Gordon Brown launched the fight for his political life in the West Midlands following Labour’s humiliating electoral defeat in Glasgow East.
The Prime Minister took on union barons by making it clear that he will not give in to demands for a shift to the left – and warned that the Conservatives would win the next election if Labour changed course.
He was speaking at Labour’s National Policy Forum, at Warwick University, in Coventry, following the disastrous loss of one of Labour’s safest seats in a Scottish by-election.
A Labour majority of 13,507 was overturned as the Scottish Nationalist Party snatched Glasgow East by 365 votes, sparking frenzied speculation about the Prime Minister’s future.
Union leaders led demands for change, with the head of the GMB, Paul Kenny, openly calling for a leadership contest.
The forum, held at Warwick University, was designed to draw up policies for debate at Labour’s annual conference in Manchester, in September, which will then influence the party’s General Election manifesto.
But union leaders have used it as an opportunity to demand the abolition of laws restriction industrial action, including a ban on secondary picketing.
Mr Brown made it clear they would not get their way by evoking memories of the strike-ridden period before they were introduced.
He said: “It’s not going back to the agenda of the ’70s and the ’80s. The only agenda that matters is the agenda of the future, understanding the changes taking place in the global economy.”
Speaking to trade unionists and party activists at the Warwick event, he appealed for discipline with a warning that the Conservatives would win the next general election.
He said he did not want “to wake up 24 months from now” to see education and health budgets cut, at the same time as “massive tax cuts” for the rich.
Mr Brown added: “I don’t want to wake up and find that there are massive tax cuts being given to the fewest and the richest and the wealthiest people of this country at the expense of cutting the public services of this country.”
But within hours of his speech he found himself under fire from union bosses scenting the opportunity to dictate Labour policy.
Although Mr Brown and Tony Blair before him have attempted to distance Labour from the trade unions, they continue to play a key role in the party and donated £2.6 million in the first quarter of this year, 82 per cent of all the cash Labour raised.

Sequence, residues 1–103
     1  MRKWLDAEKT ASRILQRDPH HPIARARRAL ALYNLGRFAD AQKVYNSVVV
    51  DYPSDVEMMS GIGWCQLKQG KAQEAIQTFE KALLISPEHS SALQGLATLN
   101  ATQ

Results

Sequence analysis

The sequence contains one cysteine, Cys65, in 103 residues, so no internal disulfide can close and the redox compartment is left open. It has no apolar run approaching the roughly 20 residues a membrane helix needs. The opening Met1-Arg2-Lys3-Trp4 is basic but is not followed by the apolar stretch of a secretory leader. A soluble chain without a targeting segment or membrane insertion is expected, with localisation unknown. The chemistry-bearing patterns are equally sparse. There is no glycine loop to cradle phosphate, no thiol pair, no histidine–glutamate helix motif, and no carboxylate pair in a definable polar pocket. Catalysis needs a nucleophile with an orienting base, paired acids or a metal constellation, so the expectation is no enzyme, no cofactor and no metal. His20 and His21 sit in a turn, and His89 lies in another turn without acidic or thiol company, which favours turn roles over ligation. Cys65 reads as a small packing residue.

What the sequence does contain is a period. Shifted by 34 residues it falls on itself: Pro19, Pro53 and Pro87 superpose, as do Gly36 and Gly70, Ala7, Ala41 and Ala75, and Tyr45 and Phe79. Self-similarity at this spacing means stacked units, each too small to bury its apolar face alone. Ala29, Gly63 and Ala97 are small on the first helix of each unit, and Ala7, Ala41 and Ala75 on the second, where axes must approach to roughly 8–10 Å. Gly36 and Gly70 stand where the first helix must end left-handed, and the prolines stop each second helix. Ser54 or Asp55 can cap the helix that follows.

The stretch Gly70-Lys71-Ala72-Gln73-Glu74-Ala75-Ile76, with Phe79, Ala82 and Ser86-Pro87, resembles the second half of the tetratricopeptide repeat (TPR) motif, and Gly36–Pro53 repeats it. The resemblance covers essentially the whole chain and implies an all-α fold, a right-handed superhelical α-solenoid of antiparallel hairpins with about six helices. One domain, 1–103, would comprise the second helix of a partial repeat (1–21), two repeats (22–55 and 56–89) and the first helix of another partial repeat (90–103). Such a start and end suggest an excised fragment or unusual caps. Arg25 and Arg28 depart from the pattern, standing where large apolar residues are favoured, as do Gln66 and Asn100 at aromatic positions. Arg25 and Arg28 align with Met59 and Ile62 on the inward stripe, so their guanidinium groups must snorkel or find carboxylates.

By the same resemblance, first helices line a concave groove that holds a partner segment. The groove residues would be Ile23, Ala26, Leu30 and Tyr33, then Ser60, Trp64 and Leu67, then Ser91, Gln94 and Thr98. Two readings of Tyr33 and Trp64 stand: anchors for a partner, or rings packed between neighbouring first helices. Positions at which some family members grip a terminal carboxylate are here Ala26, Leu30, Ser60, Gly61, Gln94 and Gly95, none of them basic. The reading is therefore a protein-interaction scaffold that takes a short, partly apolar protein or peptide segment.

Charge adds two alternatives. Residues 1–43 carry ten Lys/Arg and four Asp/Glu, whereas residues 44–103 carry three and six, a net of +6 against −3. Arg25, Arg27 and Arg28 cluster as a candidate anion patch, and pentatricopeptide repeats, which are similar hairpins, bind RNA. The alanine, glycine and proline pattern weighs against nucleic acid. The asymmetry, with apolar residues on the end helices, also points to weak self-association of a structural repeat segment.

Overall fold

Mr Kenny urged Labour MPs to strongly consider mounting a leadership challenge to Mr Brown, calling the Glasgow East result an “unmitigated disaster”.
He said: “The MPs have got to make a strong decision as to whether they want to go into an election with Gordon Brown or have a contest.”
Unison general secretary Dave Prentis insisted: “It cannot be business as usual, there has to be a change of direction – a change that shows that the Government is listening and is willing to reconnect with its core supporters.”
Birmingham Labour MP Gisela Stuart (Lab Edgbaston) called for a clearer explanation of what the Government was doing to help families facing higher prices.
She said: “The danger we face is doing too many small initiatives to help people, when it is hard for people to see how they all add up to a big picture.”
Khalid Mahmood (Lab Perry Barr) insisted Labour was still well-placed to beat the Conservatives.
He said: “There is a global recession, so the question is who has the experience and can provide the leadership to see us through that? There’s nobody I can see in the Conservative Party.”
Mr Brown walked into the conference at Warwick University to applause and a standing ovation, and was given the same treatment as he left.
The Prime Minister’s Cabinet colleagues also rallied to his support. Alistair Darling, the Chancellor, insisted that Mr Brown was still the best man to lead the party.
He said: “I believe that Gordon Brown is the best Prime Minister. He is the best leader of our party. He has a very clear sense of direction where he believes we as a country ought to go.”
And a new opinion poll gave the Conservatives a 22-point lead over Labour, enough to give David Cameron a majority of 236 if repeated at a general election.
The poll by ComRes put the Tories on 46 per cent, Labour on 24 per cent and the Liberal Democrats on 18 per cent.